Divorce is painful.
Breaking up is hard to do, especially after couples have tied the knot. They look back at their wedding day, filled with promise and joy. They wonder what happened. How did everything go from spring to winter?
Adults tend to blame themselves. And they blame each other. “I didn’t try hard enough.” “Why couldn’t I compromise?” “Why couldn’t she see what I needed?” “Why did he make it so hard for me?”
In that moment of shearing, it’s very easy to feel bad about oneself and one’s partner. Most individuals feel like failures. It’s a crummy feeling.
In addition to self-reproach, one or both parties can be angry. There may have been months or years of feeling hurt and injured by the other party. The intense emotion of love can turn into hatred. It can turn ugly.
It’s easier when there are no kids. But when children are involved, breaking up becomes more complex. There’s no King Solomon here. The kids have to live either with one parent or another, or they shuttle back and forth. To parents and kids, none of these alternatives compare with living under the same roof.
None of these options look good to anyone.
On top of it, almost always, someone has to pay child support to the other parent. Families strapped paying for one roof now have to pay for two roofs. The economics of breaking up cut the family income in half.
These are all good reasons for adults to seek help from a marriage counselor way before their relationship sours. As a psychologist, it’s frustrating when couples seek help after it is too late. But sometimes, for many good reasons, it can be time for partners to part.
Regardless, it’s important to set aside one’s feelings and find a way to make this challenging transition more comfortable for children.
Tell your children together. It’s always best for both parents to sit children down together and tell them what’s happening in language that’s age-appropriate. It’s impossible for kids to understand the complexities of adult relationships, so don’t bother with the details. Kids are most concerned with what the separation will mean for them.
Avoid the temptation, in a situation where one parent wants the separation and the other doesn’t, to blame the departing parent! (e.g.—“Your mother wants to leave us.”) Better to be more general (“Despite everything, our relationship isn’t working out”).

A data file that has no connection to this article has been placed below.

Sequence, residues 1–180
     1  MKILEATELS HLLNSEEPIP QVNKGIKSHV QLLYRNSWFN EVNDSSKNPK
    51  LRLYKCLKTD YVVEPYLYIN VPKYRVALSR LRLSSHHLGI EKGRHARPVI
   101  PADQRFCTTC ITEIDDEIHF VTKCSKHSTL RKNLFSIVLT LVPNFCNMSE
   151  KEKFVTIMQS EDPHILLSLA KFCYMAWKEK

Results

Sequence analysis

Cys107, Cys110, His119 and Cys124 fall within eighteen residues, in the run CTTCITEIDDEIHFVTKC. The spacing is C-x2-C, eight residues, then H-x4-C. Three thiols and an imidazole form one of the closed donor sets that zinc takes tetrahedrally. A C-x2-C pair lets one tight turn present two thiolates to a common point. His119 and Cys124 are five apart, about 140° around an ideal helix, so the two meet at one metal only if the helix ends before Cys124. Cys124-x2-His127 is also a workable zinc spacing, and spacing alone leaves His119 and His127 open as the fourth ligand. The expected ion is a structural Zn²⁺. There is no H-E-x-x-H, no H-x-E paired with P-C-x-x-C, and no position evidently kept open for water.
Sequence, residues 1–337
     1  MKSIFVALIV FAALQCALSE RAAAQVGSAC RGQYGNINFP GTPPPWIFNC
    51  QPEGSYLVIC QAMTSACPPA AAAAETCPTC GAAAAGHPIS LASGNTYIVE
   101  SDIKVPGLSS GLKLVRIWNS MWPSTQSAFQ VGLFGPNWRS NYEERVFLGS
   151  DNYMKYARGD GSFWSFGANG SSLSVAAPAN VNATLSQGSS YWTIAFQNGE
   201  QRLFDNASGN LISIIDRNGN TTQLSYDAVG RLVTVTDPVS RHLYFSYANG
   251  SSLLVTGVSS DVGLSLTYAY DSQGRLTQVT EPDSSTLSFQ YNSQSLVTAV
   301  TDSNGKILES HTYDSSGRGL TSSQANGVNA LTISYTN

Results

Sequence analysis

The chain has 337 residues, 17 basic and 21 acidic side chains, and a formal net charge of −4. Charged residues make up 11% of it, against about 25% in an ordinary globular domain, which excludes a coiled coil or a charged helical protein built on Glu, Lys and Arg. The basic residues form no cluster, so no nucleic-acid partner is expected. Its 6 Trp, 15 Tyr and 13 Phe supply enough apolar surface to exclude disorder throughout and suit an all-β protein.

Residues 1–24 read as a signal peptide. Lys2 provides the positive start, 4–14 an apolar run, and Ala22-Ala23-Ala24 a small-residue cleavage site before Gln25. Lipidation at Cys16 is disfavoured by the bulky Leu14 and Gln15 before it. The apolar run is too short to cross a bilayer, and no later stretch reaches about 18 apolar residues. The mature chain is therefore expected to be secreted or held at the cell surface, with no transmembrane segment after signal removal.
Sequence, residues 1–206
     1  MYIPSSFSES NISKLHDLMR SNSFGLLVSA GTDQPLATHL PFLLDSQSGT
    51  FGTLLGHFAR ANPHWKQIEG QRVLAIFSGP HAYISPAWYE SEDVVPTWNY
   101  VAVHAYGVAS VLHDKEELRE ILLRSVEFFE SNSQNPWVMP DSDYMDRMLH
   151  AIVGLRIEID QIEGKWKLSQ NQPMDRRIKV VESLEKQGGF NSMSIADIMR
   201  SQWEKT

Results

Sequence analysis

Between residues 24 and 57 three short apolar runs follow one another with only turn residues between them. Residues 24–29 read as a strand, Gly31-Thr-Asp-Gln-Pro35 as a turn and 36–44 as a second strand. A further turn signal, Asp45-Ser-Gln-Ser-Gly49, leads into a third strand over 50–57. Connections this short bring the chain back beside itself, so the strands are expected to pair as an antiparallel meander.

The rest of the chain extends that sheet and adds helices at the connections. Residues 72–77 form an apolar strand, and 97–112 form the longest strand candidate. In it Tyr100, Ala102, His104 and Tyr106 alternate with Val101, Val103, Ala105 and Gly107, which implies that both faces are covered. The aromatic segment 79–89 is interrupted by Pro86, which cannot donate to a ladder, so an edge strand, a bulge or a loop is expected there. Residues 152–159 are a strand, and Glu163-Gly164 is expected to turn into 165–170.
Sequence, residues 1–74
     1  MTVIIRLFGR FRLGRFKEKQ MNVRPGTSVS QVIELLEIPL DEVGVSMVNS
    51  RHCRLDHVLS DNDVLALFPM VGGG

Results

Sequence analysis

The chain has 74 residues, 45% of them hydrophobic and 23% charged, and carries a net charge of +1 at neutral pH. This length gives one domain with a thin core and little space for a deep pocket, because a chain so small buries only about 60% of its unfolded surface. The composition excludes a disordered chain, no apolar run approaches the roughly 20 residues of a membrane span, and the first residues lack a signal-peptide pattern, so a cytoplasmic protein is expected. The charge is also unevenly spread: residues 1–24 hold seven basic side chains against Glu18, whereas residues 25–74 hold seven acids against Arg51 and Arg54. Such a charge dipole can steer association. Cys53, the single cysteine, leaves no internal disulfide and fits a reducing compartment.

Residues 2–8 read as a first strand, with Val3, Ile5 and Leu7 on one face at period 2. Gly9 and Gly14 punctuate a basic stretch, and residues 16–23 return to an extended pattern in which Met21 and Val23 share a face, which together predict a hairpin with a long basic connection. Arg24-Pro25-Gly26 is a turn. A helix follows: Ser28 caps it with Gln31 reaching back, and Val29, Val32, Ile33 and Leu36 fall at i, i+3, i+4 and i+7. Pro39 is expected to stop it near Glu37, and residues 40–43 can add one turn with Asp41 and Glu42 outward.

Acknowledge that this is going to be hard. It’s helpful and honest to tell children that this will be difficult at first, with many changes for them, but in time, they will adjust to it. Find examples in the recent past where they had an experience that was hard at the beginning, but then they adapted.
Keep your feelings to yourself. This is the most challenging task of all. When parents have intense anger or hurt, it is hard to keep it from spilling out. Even if they avoid the temptation of saying negative things about their ex, grunts, groans, and sighs can say it all.
Keep the kids out of your disagreements. Inevitably, there will be differences of opinion about how to split up your lives. Work overtime to keep these differences away from your children. Remember the walls have ears…
Take the high road. I know this can be extremely hard when you know what hits the fan. Take the long view. Life can throw you and your children many fast and hard balls. Your kids will learn from you how to cope with these ups and downs. Show them your best self.
Get help. Down the road, new love will sprout. But then new knotty problems arise — stepchildren, step-parenting, and blended families. Love will not be enough to solve these problems. Don’t be proud! Find a counselor to help you negotiate this new landscape.
Paul Schoenfeld is a clinical psychologist at The Everett Clinic. His Family Talk blog can be found at www. everettclinic.com/ healthwellness-library.html.